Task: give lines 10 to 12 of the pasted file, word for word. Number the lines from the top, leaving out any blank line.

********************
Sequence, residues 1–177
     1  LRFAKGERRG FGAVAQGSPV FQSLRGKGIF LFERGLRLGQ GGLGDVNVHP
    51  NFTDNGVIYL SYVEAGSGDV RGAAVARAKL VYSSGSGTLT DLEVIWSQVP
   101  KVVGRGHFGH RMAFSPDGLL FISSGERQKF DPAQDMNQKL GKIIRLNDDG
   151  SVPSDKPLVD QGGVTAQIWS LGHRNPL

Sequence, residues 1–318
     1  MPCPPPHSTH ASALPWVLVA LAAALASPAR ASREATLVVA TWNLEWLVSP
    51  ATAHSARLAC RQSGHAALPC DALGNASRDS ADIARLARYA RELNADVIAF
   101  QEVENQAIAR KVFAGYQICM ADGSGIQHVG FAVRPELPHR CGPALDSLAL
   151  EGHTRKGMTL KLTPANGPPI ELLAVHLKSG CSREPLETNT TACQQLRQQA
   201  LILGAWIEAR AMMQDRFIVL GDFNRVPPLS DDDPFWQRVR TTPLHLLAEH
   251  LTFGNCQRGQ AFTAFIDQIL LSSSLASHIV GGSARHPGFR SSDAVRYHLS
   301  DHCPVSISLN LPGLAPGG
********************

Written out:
   151  EGHTRKGMTL KLTPANGPPI ELLAVHLKSG CSREPLETNT TACQQLRQQA
   201  LILGAWIEAR AMMQDRFIVL GDFNRVPPLS DDDPFWQRVR TTPLHLLAEH
   251  LTFGNCQRGQ AFTAFIDQIL LSSSLASHIV GGSARHPGFR SSDAVRYHLS